01.04.2018

Planning TidBits

Little bits that can make a big difference to your town planning outcomes

Time elapsed when Council does the advertising

Regular permit applicants will be aware, Section 79 of the Planning and Environment Act 1987 (“the Act”) allows applicants to lodge an appeal to VCAT against Council’s failure to grant a permit within the prescribed time (10 statutory days for a VicSmart application or 60 statutory days for all other applications).

Of recent times, more and more Councils are opting to undertake the public notice of permit applications themselves, including erecting signs on site. Councils that do erect signs onsite have been given cause to ponder the impacts of that service in a recent VCAT decision.

In National Property Group Pty Ltd v Manningham CC [2018] VCAT 313, the Tribunal considered whether an application for review lodged under Section 79 was premature. In this instance it was the responsible authority (Council) itself that had given notice of the application, including erection of the required sign onsite.

When calculating the statutory timeframe the clock would normally stop between Council notifying the permit applicant that the sign was ready for collection and the actual day the sign was erected onsite.

Regulation 32(3) of the Planning and Environment Regulations 2015 provides that the prescribed time for the purposes of a Section 79 appeal does not run:

(a) if the responsible authority requires the applicant to give notice under section 52(1) or (1AA) of the Act, for the time between the making of that requirement and the giving of the last required notice.

This means that, in circumstances where the permit applicant is required to give notice, the calculation of the 60 day timeframe does not include the time between when Council advises the applicant that the application needs to be notified and the giving of the last required notice (putting notices up on site, or the letters to affected parties being sent) whichever is the later.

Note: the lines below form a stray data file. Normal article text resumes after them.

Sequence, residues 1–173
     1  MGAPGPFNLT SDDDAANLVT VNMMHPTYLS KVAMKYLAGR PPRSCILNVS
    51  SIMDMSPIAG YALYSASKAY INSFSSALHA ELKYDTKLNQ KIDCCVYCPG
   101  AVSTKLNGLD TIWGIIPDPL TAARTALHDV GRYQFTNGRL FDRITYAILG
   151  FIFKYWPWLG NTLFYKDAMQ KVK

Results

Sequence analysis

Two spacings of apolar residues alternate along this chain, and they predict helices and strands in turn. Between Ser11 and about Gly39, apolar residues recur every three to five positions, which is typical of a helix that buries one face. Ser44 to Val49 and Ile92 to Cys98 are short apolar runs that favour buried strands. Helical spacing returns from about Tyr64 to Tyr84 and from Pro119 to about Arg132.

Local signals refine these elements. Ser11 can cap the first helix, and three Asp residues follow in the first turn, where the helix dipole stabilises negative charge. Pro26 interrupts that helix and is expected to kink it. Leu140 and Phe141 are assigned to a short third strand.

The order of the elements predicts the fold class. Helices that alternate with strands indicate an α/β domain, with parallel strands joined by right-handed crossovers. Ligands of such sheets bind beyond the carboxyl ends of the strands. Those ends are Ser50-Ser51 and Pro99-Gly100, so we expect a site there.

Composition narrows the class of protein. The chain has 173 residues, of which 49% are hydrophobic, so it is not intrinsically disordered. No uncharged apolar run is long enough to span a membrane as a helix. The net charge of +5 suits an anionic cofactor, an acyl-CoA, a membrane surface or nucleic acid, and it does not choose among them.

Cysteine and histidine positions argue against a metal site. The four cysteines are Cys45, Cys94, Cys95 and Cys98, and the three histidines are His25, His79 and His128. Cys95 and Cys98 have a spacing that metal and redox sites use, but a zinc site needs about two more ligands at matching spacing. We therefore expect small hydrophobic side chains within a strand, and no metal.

In National Property Group Pty Ltd v Manningham CC the Tribunal found that, where a responsible authority elects to undertake the public notice rather than requiring a permit applicant to do so, the halt on time running that is contained in Regulation 32(3)(a) does not apply. The Tribunal found the appeal was not premature and ordered that the matters proceed to a hearing of the merits.

This finding provides permit applicants with an additional incentive to take up the service from Councils who offer to erect public notification signs on site.

To Detail or Not to Detail

Regular permit applicants will be familiar with the conundrum of how to describe projects on planning permit application forms.

Is the application for ‘a dual-occupancy’, ‘development of land with two double storey dwellings’, ‘ a new dwelling behind an existing dwelling’ or [add you preference here]. Similarly, another application could be described as, ‘a five storey apartment complex’, ‘an apartment complex, associated car park dispensation, removal of native vegetation tree, partial demolition and alterations to a heritage building’ or ‘multiple dwellings on a lot’.

Permit applicants have their own individual preferences. So to do Municipal Councils. Some prefer accurate but simple descriptions. Others prefer each individual permit trigger to be listed on the application form.

So, what is the best way to describe your application? Both the VCAT and Supreme Court have previously provided guidance on this issue. In Nelco Holdings Pty Ltd v Yarra Ranges SC [2006] VCAT 148 the tribunal held that: